I did that for a couple years. It was always a short term thing for me because I ultimately just wanted to travel. I wanted to save up money, which allowed me to buy my first investment property when I was like 19. I was kind of really focused on traveling and just starting to make savings.

Always knew I’d get back to university and get back to my marketing degree. I had always kind of known weirdly from the age of maybe 18 that I wanted to be a CMO before the age of 30. Just after my 29th birthday, I actually joined G2 Crowd as the CMO, so it was really timely. I’ve been really lucky. Everything has gone to plan fortunately.

But, yeah, that’s kind of the background really on the flight attendant thing, bit of an odd job. Then I then went back to university and did flying on the weekends and did university throughout the week. It was kind of hard to juggle it, but it was fun. I learnt a lot. I’m someone that gets bored easily, so I need to be doing lots of different things, so it worked well.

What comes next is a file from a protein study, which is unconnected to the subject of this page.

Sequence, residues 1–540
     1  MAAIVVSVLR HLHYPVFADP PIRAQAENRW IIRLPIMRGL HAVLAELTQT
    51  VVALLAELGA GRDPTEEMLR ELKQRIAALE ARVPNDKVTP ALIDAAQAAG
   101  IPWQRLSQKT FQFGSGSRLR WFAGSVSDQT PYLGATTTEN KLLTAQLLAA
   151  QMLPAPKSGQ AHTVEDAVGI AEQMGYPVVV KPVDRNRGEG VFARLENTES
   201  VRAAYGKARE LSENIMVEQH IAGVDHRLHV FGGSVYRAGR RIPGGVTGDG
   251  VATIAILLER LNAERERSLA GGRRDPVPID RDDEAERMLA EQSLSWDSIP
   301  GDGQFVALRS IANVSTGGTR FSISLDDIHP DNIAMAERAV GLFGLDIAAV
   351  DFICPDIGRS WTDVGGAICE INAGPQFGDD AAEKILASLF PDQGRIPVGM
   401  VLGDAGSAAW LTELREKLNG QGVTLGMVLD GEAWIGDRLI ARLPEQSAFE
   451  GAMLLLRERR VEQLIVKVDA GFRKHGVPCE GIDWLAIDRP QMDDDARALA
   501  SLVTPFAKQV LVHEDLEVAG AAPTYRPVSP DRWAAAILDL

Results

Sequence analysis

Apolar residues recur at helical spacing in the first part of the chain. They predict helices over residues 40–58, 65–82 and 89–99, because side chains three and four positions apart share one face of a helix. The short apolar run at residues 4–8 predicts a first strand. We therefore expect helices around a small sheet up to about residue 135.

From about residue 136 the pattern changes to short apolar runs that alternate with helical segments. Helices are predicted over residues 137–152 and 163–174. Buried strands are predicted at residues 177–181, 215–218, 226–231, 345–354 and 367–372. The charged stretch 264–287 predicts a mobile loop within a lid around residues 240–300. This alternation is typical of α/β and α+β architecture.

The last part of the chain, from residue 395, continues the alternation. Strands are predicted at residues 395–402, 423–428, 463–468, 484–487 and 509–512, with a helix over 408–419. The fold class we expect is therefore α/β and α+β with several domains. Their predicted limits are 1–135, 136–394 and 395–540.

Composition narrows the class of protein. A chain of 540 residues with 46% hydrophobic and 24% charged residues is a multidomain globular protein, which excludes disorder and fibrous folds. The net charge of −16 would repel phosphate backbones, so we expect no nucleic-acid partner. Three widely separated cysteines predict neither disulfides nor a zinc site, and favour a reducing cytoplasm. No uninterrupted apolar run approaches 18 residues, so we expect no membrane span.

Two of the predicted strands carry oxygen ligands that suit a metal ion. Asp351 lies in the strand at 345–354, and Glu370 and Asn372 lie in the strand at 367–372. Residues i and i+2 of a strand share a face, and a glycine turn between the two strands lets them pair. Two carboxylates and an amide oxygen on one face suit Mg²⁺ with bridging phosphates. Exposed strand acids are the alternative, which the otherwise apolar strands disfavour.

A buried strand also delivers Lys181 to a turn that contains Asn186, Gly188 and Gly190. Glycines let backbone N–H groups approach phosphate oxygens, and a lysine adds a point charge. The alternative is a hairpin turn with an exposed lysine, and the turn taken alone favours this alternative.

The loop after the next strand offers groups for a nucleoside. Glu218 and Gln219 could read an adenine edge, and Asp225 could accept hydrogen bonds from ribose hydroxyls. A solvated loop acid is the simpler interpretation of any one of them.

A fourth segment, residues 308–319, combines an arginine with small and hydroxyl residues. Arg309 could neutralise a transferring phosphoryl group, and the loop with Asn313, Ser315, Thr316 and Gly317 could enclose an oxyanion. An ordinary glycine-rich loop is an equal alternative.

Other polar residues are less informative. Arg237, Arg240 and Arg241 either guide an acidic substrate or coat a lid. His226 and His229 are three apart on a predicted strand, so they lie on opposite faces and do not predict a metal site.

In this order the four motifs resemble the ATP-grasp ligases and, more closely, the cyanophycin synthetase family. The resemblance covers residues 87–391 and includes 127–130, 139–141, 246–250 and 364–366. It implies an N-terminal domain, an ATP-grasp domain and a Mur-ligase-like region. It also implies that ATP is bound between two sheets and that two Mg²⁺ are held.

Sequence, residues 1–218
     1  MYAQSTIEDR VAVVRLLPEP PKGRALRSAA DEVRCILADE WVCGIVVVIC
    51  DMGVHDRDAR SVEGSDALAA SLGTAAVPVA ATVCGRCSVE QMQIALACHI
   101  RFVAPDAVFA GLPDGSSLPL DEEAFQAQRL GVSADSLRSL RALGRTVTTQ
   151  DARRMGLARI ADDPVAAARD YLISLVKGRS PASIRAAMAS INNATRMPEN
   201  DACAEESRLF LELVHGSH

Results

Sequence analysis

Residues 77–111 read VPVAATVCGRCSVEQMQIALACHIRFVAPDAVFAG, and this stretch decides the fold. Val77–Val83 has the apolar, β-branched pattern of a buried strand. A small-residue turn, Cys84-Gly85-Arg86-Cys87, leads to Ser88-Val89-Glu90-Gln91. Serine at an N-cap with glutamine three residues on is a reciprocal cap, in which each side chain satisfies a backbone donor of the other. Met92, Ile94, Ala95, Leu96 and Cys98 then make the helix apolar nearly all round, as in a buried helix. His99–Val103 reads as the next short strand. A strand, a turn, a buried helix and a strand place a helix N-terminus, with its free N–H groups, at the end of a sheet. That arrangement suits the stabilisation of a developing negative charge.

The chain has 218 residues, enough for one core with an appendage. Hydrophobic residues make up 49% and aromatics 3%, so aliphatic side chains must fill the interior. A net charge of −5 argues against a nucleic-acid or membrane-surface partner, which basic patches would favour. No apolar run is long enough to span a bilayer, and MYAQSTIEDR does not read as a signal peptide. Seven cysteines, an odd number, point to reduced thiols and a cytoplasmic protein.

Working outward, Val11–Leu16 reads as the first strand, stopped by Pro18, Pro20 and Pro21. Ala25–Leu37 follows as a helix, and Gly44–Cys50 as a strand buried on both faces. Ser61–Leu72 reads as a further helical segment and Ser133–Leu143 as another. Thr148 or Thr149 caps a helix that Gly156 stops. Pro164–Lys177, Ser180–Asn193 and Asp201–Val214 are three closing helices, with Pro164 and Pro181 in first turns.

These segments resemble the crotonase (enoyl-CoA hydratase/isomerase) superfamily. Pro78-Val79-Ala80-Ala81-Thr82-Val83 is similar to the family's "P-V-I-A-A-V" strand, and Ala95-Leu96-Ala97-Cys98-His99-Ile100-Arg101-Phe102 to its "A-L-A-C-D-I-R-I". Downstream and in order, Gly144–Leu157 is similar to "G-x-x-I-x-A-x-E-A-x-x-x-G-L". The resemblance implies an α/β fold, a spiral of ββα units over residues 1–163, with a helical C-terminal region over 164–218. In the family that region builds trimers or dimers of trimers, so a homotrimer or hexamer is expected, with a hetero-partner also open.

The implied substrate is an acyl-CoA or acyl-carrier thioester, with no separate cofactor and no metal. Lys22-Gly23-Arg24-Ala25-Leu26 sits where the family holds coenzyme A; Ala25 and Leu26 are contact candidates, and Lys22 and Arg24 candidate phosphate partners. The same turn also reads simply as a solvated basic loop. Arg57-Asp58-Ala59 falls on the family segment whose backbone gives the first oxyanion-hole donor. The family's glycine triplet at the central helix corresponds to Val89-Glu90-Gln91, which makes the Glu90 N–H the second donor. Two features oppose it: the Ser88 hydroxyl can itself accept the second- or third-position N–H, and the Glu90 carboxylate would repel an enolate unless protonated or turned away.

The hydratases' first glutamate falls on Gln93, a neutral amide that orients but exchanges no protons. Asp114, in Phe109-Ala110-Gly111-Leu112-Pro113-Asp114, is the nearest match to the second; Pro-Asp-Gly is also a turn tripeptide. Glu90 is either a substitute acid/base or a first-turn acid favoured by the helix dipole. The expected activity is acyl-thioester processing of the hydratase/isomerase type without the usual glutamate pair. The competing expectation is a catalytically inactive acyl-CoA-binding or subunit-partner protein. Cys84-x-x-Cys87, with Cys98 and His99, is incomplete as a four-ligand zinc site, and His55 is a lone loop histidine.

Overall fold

Pete Mockaitis
That’s cool. While working as a flight attendant, did you form some connections or some skills or some insights that helped lay some good ground work for your future success?

Ryan Bonnici
I think I did. Qantas – for anyone listening – Qantas is actually the world’s oldest and most experienced airline. They had the first kind of commercial airline up and running. It was set in Queensland in the Northern Territory, which is what Qantas stands for.

I think one thing I learned that Qantas does incredibly well is customer service and just how your customers are the life blood of your business. Qantas did a really amazing job at training their staff and their flight attendants because at the end of the day, they’re really the main people that the consumers are interacting with.

I think I learned a lot about customer services and I learned a lot about word-of-mouth marketing and just the importance of having a cohesive message. That was one thing I think I learned from that early experience.

But then I also was able to eventually start to move and work more in our business class and first class cabins. I just started having fascinating conversations with different executives that were travelling different places for work. I had the CEO of Qantas on at one point in time. I had different celebrities on. I just had different executives and learned a lot from them.